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The multitalented Ronnie Burrage has shown himself to be one of the most exciting drummers in jazz as a sideman with McCoy Tyner, Sonny Rollins, Jerry Gonzalez's Fort Apache Band, and Sonny Fortune. As a leader he's also demonstrated his abilities as a composer, arranger, percussionist, and keyboard player. On In It he adds scat singing to his already impressive list of credentials.
Burrage has a crisp rhythmic attack and a pleasant voice with a timbre reminiscent of a young Jon Hendricks, obviously his primary vocal influence. On the opening "I Mean You, he comes out swinging hard accompanied by the fine Philadelphia piano/bass team of Sid Simmons and Mike Boone. On the more contemporary material, Wayne Shorter's "Beauty and the Beast and "Pinnochio, Joe Henderson's "Black Narcissus, and the originals "In The Realm Of Thought and the title track, the leader takes a dreamier approach, enhanced by the use of electric piano.
Young Philadelphian Jason Shattill mans the keyboards on "In the Realm and "Black Narcissus and the excellent trumpeter John Swana augments the trio, nicely complementing the leader's wordless vocalizing. Burrage's interpretations of classic materialColtrane's "Lonnie's Lament, Ellington's "Prelude To A Kiss, and Monk's "'Round Midnight adopt a more conventional approach, revealing the drummer's thorough familiarity with the pieces' melodic content, so much so that it would seem that he could have just as easily sung the songs' lyrics. The instrumental trio is heard to especially good effect on these jazz standards, allowing listeners to really appreciate Simmons, who is unfortunately seldom heard outside of his Philadelphia base.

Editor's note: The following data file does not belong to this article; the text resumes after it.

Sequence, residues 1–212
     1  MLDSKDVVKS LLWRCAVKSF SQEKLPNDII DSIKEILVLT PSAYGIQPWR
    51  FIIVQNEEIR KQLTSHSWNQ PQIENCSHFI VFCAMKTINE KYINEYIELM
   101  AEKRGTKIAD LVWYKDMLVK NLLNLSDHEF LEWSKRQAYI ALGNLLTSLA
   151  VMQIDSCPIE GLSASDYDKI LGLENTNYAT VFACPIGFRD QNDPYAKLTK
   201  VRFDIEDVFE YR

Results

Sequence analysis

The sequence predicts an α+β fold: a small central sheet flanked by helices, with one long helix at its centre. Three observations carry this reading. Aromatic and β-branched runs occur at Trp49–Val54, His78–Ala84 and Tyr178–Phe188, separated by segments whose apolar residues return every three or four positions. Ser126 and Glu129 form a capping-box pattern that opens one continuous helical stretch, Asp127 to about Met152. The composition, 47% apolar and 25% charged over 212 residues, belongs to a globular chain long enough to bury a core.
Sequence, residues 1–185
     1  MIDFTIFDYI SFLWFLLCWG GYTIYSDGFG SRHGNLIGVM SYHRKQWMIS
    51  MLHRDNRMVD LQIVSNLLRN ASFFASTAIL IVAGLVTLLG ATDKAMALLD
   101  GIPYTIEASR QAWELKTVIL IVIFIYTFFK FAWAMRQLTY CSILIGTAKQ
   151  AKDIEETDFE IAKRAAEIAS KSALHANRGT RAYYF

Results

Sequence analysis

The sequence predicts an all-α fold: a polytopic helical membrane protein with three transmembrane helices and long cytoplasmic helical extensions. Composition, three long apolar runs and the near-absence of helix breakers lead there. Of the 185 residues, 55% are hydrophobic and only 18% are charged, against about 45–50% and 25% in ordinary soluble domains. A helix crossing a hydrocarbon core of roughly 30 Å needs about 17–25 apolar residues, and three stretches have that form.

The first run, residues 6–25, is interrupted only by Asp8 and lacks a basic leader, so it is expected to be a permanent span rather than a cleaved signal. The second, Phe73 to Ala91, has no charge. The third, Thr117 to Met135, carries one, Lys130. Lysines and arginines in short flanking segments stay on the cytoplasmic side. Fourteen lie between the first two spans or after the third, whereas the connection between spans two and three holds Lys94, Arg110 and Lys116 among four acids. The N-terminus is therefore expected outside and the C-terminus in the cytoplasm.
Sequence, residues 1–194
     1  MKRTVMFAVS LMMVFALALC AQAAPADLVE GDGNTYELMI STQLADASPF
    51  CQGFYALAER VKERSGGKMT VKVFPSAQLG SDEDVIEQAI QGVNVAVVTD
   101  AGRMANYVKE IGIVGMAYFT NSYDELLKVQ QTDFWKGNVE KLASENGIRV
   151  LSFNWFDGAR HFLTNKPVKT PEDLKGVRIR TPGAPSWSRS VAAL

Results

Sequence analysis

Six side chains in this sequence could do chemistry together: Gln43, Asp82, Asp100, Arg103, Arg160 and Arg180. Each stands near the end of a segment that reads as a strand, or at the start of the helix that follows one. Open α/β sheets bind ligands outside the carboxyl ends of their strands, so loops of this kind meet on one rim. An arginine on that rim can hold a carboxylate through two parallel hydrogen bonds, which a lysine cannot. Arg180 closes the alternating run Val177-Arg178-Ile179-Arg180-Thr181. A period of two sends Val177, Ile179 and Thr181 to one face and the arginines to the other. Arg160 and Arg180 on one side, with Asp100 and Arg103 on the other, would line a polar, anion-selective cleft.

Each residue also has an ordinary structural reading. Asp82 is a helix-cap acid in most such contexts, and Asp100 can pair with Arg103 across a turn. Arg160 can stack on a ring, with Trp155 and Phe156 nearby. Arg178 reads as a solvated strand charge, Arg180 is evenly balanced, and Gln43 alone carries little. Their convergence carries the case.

The date ends as it started, with a relentlessly swinging, scatting Monk bopper: "Straight No Chaser. Burrage's drumming throughout the date is most exhilarating.
Personnel: Ronnie Burrage: drums; Sid Simmons: piano; Mike Boone: bass; Jason Shattill: piano; John
I love jazz because anything is possible; it has few rules and the best jazz breaks those ones. I prefer free improv because it doesn't really have any rules at all.
I was first exposed to jazz in my teens (in the late sixties).
The first jazz record I bought was Filles de Kilimanjaro by Miles Davis, shortly followed by Extrapolation by John McLaughlin.
My advice to new listeners is to listen as widely as possible and not to make snap judgments--stick with it.